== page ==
Simple Ways To Make End Of Year Transition Easier For Children With Autism

If there is one thing guaranteed to cause anxiety for young people with autism, it has to be end of year transition. Switching from a known classroom and known staff, to an unknown teacher, unknown staff and sometimes even unknown peers can be a challenge, but beginning the transition early is the best way to ease anxiety and ensure both a calm summer and a calm September.

For Those Staying In The Same School

  • Organise an early meeting (no later than May half term) with your child’s new teacher, to give you a chance to raise any worries or issues that you have.
  • Ask how the school plan to make sure your child becomes familiar with their new teacher as soon as possible, and question the possibility of swapping staff for an hour or two a week as early as possible to give lots of chance for exposure and familiarity to develop.
  • Some schools move the whole class up to their new class for the last week of school, which can lead to a much happier and less anxious summer holiday of wondering what will happen at the start of the new year. This is well worth suggesting if it isn’t something that your child’s school currently do.
  • If that isn’t possible arranging for your child to visit their new classroom and teacher for at least an hour each week during the last half term will help.
  • Ask for them to be shown where they will sit and who they will sit with prior to the end of the school year, and given a chance to talk to their new teacher about any anxieties they have about the move.
  • A visit to the toilets nearest their new classroom(s) and being shown where they will be able to leave their coats, bags and/ or lunch bags will also be really helpful in alleviating worries over the holidays.
  • Book a meeting in advance for the week prior to the end of term, to discuss any last minute questions.
  • It’s also worth asking whether there is any way you could have access to an email address that will be manned over the summer – just in case any unexpected questions arise. (N.B. this could be the email address of the school office, or that of your child’s new teacher – but please be aware that there are likely to be times when it will take a while to get an answer).

For Those Transferring To Different Schools

  • Organise an early meeting (no later than May half term) with your child’s new teacher, to give you a chance to raise any worries or issues that you have.
  • Where possible arrange a time for your child’s new teacher (or SENCO if it is a secondary transition) to come to their current setting to observe them. This can make a huge difference, as children often present very differently at times of transition, as knowing that this is not the norm can go a long way to reassuring a new school that the placement can work even if the start is challenging.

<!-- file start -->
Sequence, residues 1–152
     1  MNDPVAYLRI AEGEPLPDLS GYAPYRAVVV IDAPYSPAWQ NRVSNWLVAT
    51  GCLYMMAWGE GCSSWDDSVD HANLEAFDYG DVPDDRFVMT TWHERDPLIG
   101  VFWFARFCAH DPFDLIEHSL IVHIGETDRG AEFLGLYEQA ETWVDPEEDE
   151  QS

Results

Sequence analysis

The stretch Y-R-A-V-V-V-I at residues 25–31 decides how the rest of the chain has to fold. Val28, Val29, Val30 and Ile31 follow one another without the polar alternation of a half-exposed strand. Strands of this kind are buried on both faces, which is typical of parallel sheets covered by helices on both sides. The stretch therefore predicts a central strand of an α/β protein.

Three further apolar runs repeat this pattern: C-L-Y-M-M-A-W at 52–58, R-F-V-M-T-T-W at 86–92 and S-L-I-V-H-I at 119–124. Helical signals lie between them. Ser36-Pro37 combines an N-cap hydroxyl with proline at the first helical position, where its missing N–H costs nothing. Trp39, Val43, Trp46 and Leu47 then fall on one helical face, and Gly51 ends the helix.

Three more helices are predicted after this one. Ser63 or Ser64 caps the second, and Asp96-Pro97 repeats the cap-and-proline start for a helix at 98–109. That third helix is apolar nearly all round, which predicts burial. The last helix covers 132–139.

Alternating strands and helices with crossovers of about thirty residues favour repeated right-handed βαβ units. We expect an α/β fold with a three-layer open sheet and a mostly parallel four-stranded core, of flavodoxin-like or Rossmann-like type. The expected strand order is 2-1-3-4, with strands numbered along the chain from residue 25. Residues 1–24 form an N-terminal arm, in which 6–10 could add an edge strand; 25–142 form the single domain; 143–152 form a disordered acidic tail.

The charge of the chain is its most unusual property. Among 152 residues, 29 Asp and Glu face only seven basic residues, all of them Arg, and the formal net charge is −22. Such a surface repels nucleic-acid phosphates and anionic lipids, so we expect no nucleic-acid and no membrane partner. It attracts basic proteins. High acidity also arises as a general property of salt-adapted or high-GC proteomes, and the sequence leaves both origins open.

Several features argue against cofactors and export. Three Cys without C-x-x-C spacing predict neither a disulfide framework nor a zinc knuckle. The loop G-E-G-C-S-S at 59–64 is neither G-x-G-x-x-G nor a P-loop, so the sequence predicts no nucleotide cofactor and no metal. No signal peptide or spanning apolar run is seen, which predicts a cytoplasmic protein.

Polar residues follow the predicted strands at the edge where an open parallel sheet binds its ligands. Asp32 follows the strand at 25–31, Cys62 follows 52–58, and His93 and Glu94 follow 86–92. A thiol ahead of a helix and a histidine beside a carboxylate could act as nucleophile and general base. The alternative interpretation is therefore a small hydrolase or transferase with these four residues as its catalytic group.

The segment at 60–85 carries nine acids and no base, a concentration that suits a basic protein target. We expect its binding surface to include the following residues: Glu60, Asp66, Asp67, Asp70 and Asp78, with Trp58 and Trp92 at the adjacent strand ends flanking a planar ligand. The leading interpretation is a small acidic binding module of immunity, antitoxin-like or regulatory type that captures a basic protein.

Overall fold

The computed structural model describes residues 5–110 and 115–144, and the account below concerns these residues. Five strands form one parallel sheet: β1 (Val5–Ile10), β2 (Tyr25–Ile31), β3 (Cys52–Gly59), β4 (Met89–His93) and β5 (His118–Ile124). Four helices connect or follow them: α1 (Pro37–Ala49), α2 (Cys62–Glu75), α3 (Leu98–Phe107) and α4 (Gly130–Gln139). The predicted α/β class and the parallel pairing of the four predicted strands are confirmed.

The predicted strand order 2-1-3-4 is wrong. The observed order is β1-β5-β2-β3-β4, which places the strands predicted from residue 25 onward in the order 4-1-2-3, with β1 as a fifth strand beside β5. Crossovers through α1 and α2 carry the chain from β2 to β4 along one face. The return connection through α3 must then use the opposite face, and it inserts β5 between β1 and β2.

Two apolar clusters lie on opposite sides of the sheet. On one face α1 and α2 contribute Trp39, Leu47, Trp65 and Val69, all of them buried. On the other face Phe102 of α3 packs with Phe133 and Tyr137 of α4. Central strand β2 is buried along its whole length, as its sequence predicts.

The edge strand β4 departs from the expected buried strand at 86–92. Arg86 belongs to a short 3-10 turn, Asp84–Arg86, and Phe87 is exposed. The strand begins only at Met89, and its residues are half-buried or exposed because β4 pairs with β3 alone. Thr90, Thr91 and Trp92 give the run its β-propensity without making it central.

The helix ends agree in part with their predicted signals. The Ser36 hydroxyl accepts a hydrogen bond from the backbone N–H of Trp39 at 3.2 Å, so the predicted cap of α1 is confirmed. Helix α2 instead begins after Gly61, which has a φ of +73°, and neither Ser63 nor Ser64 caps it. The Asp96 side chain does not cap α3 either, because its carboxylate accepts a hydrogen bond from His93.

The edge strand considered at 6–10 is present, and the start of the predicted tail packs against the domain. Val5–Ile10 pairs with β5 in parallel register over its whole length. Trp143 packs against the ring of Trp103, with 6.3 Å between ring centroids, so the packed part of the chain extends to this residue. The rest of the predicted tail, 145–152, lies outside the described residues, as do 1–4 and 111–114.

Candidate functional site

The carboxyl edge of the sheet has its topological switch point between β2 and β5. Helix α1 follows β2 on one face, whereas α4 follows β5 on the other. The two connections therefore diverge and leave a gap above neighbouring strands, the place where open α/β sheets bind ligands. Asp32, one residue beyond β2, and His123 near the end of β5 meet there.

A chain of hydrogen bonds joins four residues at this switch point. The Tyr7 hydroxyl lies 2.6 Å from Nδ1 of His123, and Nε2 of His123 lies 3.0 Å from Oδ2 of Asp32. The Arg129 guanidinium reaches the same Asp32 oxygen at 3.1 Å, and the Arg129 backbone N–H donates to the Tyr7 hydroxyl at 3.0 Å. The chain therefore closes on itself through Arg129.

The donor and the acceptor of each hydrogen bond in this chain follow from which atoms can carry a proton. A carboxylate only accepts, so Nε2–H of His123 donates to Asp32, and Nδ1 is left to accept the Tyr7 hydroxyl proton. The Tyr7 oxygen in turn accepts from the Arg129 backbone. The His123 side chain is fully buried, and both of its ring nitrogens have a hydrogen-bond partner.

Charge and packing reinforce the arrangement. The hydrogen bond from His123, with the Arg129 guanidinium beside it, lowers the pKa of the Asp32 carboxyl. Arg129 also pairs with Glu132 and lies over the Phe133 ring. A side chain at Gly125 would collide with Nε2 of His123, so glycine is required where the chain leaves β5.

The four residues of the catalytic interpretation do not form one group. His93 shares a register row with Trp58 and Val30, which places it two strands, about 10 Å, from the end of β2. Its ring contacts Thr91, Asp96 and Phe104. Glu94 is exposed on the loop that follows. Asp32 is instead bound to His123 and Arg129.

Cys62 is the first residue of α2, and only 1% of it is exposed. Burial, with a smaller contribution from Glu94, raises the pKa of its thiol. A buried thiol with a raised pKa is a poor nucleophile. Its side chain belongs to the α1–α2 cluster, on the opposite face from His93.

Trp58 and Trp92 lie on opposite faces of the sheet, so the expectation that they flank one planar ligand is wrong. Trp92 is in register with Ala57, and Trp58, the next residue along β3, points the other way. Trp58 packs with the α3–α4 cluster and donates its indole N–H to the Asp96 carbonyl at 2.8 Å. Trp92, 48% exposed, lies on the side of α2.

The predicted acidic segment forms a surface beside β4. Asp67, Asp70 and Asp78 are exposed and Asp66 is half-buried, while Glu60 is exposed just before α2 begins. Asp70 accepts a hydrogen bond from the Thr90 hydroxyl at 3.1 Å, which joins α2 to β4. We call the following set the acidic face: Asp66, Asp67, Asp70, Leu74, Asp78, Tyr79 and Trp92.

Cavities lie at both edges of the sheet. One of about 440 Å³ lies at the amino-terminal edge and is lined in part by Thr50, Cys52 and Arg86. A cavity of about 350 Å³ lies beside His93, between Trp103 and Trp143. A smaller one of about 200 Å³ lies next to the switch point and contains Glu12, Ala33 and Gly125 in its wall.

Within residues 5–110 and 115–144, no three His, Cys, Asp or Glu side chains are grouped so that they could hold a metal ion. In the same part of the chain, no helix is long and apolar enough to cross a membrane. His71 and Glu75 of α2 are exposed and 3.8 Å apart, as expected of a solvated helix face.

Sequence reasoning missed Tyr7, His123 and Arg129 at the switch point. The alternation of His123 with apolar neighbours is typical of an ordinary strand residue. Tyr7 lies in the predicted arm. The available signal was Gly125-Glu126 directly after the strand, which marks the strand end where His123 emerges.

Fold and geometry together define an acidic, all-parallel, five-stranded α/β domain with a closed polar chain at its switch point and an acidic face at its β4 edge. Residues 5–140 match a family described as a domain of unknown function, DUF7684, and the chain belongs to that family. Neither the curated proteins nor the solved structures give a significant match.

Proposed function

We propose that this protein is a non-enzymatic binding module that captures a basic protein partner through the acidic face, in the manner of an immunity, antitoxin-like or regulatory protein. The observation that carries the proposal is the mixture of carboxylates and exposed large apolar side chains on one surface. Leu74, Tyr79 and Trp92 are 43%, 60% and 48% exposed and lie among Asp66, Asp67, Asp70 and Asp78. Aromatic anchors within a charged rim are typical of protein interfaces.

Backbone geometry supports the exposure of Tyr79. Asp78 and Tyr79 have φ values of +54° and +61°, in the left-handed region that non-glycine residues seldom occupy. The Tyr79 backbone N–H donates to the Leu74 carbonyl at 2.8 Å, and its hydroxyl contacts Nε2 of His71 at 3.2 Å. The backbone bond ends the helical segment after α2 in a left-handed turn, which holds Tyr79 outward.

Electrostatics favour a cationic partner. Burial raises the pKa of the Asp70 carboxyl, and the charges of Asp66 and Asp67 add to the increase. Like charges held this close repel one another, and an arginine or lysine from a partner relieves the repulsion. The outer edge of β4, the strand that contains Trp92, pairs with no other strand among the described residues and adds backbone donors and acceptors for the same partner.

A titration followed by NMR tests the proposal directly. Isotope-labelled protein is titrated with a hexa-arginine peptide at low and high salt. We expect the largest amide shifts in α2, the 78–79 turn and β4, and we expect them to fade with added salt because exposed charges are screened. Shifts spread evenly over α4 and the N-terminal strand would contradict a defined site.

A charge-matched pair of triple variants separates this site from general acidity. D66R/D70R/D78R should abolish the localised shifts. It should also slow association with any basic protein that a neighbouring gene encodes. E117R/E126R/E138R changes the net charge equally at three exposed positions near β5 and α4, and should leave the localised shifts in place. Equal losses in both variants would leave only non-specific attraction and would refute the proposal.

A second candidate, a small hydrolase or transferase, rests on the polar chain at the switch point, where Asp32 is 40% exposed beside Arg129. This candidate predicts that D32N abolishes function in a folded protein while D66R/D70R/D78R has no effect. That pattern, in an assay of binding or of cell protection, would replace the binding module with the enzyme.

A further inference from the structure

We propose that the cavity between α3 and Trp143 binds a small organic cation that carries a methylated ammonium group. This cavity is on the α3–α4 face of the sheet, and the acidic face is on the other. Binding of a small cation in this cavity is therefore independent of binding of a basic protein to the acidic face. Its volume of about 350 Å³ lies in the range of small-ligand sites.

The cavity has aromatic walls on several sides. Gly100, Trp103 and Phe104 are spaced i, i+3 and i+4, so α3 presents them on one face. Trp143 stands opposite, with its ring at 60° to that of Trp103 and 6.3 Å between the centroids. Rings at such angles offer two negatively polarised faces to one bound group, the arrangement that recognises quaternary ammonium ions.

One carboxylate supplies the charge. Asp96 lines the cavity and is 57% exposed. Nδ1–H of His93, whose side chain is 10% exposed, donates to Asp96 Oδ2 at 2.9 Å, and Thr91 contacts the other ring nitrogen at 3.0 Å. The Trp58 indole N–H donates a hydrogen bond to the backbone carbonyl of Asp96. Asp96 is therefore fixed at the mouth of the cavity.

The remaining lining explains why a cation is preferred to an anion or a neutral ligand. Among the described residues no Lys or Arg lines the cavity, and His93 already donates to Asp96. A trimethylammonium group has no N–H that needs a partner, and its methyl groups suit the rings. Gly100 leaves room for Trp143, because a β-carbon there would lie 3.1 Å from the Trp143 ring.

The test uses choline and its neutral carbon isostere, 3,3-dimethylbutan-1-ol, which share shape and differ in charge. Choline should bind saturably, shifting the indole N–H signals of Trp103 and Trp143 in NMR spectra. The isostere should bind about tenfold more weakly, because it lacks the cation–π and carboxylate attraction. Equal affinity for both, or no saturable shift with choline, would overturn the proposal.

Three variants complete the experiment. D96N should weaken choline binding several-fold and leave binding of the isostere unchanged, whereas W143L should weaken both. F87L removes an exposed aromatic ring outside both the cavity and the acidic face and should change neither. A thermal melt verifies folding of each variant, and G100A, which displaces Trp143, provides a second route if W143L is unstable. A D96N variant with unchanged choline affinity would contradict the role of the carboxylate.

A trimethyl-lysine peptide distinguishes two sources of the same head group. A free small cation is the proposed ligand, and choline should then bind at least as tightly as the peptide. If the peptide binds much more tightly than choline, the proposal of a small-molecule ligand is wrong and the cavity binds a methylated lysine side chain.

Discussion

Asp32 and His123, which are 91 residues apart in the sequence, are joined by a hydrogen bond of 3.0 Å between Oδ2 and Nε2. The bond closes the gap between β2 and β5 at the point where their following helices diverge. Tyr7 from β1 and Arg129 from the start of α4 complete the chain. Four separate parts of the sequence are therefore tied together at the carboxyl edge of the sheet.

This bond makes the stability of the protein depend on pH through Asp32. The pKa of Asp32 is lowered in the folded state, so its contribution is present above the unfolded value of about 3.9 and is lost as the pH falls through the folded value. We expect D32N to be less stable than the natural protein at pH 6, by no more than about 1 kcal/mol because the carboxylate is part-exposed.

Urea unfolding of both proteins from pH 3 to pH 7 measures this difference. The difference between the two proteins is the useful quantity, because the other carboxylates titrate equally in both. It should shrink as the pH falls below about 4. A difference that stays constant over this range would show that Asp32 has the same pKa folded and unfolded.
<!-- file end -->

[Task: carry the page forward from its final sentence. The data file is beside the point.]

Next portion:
• Ensure children get a chance to visit their new setting. This should include some time spent in the classroom with their new teacher and time to explore the building as a whole.
  • In an ideal world this should occur as several shorter initial visits, followed by at leas one full day being spent in the provision prior to the summer holidays.
  • If the child already knows other pupils at the school, or who will be going to school getting them together in the weeks prior to the move can help to alleviate worries about what will happen when they get there.
  • Ask for them to be shown where they will sit and who they will sit with prior to the end of the school year, and given a chance to talk to their new teacher about any anxieties they have about the move. For older children it can also be helpful for them to know who will be in their classes that they know already from primary school and to be given a copy of their timetable in advance so that they can picture what the day will look like.
  • Book a meeting in advance for the week prior to the end of term, to discuss any last minute questions.
  • It’s also worth asking whether there is any way you could have access to an email address that will be manned over the summer – just in case any unexpected questions arise. (N.B. this could be the email address of the school office, or that of your child’s new teacher – but please be aware that there are likely to be times when it will take a while to get an answer).

What Next?

We’re currently working on some very special workshops which will be held in our virtual classroom over the summer especially to prepare young people who are making the transition to secondary school in September. If you would like to be kept up to date about the launch please sign up below and we’ll keep you updated.

 

Leave a Reply

Your e-mail address will not be published. Required fields are marked *

Talking Autism - Buy it now!
Did you know Talking Autism: Parenting Your Unique Child the book is now available to buy? Click here to find out more.
More  info